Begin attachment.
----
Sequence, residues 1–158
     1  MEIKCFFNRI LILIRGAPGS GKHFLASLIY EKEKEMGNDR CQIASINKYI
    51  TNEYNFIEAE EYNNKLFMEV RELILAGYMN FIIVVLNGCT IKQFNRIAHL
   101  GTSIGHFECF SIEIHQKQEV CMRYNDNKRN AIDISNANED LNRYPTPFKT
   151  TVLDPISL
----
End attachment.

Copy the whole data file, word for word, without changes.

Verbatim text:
Sequence, residues 1–158
     1  MEIKCFFNRI LILIRGAPGS GKHFLASLIY EKEKEMGNDR CQIASINKYI
    51  TNEYNFIEAE EYNNKLFMEV RELILAGYMN FIIVVLNGCT IKQFNRIAHL
   101  GTSIGHFECF SIEIHQKQEV CMRYNDNKRN AIDISNANED LNRYPTPFKT
   151  TVLDPISL